Carbon dioxide (CO2) is a gas that fills our atmosphere, and it’s essential for plants to complete the process of photosynthesis wherein plants convert CO2 into energy. High levels of CO2 in a cannabis garden can result in stronger plants with increased yields – if introduced correctly. So how do you control and add CO2 to your cannabis grow room for the best possible end product?
How Does CO2 Work for Plants?
Plants extract CO2 from the atmosphere via the plant’s stomates, which are the pores that plants “breathe” through. Photosynthesis begins as the plant uses CO2 in combination with light bulbs or light from the sun to produce both sugar and oxygen. The sugar is used by the plant to grow while the oxygen is released back into the atmosphere.
Increasing CO2 levels in your cannabis garden will allow your plants to create more energy – if you provide adequate lighting as well. Again, light is the second requirement to create energy for your plants, meaning you must match your CO2 levels with your lighting. However, before we dive into how this is done, there are a number of other considerations to make before investing in a CO2 system.
Who Should Use CO2 Systems for Cannabis?
The benefits of introducing CO2 into a grow space are well known and widely accepted. However, if you’re a novice grower and/or under a tight budget, there might be a number of ways for you to initially increase your yields before investing in a costly CO2 system. Make sure you first know how to:
- Grow a healthy garden with a quality product
- Prevent and/or treat mold and pest infestations
- Set up a secure, sealed grow space
- Use an adequate high-powered light system
- Utilize quality strain genetics
- Use quality nutrients and growing mediums
If you have a handle on the above points, you should be ready to try increasing your yields using added CO2.
How to Introduce Additional CO2 to a Garden
There are multiple ways to introduce CO2 to your garden, but most methods do not guarantee controlled ppm (parts per million, used to measure CO2 levels in atmosphere). For this reason, it’s important to invest in a quality CO2 setup. If the systems below are too costly or demanding for your space, you may consider holding off on CO2 supplemented grows until you’re ready to make the jump.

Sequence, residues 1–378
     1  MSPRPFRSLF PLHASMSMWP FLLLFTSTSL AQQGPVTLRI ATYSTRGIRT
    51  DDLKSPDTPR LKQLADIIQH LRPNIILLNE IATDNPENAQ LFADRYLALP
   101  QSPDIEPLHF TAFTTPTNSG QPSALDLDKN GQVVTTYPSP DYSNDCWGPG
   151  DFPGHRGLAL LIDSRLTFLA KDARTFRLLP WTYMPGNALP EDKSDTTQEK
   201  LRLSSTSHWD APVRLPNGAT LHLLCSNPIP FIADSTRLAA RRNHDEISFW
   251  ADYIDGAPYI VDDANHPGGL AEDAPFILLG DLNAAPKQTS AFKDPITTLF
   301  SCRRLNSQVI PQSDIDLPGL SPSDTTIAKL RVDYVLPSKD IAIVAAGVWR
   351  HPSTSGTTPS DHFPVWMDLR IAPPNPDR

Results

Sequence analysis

CO2 generators, which look something like patio heaters, produce carbon dioxide by burning propane or natural gases. They can be set up to automatically power on or off when CO2 levels reach a specific ppm. Natural gas or liquid propane are very easy to acquire, but the burning of these gases produces heat which can be difficult to regulate in small grow spaces. Because of this, CO2 generators are better suited for large grow spaces with equipment for climate control.
Compressed CO2 tanks can be acquired at hydroponic stores, compressed gas facilities, or even home brewing stores. In this case, the CO2 is produced by the manufacturers and is collected and compressed into tanks that can be then made available for purchase. This allows you to introduce controlled quantities of CO2 into your garden via emitters without having to own a CO2 generator. The benefit of this setup is that without a CO2 generator, you’re no longer producing heat when releasing CO2 into your garden. For this reason, compressed CO2 is ideal for smaller grow spaces.
How to Use CO2 in Your Cannabis Garden
CO2 levels in our atmosphere are around 400 ppm. Interestingly, studies show CO2 levels can continually increase plant growth as ppm reach upwards of 10,000. Note that once CO2 is above 3,000 ppm it starts to become dangerous for humans to breathe, and at 5,000 ppm it is considered lethal.
Most gardeners have found that when you are producing high-quality light in your garden, a CO2 level of 1,200 to 2,000 ppm will increase the growth of your plant significantly. Additionally, when using CO2 your plants can handle a higher average temperature – around 85-90 degrees Fahrenheit. Be aware that if your CO2 levels are too high for the amount of light or heat generated in the garden, you will see your plants become damaged from excess CO2.
The CO2 emitted should ideally fall from above the garden, as CO2 is heavy and will sink to the ground. Using fans will help keep the CO2 moving around the room and make it available for more plants to absorb. CO2 should only be emitted during the time that the lights are on; plants photosynthesize while it is dark out.
Growing cannabis is an ever-changing practice. Taking on a challenge such as introducing CO2 could evolve your garden, taking it to the next level. Have you spent any time with CO2 in your garden? Take the opportunity to share your experiences in the comments section below.